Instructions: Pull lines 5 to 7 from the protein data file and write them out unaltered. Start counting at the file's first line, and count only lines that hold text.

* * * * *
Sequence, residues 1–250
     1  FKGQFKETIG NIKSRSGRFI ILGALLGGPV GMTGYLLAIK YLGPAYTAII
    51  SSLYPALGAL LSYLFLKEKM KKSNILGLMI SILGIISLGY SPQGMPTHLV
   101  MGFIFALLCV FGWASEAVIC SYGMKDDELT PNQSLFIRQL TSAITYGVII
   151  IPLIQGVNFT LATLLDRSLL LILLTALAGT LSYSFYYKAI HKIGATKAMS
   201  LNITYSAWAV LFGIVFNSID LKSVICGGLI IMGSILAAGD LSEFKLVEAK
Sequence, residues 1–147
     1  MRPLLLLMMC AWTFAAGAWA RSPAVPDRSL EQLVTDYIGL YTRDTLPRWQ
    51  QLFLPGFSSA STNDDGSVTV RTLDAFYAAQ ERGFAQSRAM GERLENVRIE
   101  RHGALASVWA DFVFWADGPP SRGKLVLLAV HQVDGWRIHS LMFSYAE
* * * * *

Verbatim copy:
   151  IPLIQGVNFT LATLLDRSLL LILLTALAGT LSYSFYYKAI HKIGATKAMS
   201  LNITYSAWAV LFGIVFNSID LKSVICGGLI IMGSILAAGD LSEFKLVEAK
Sequence, residues 1–147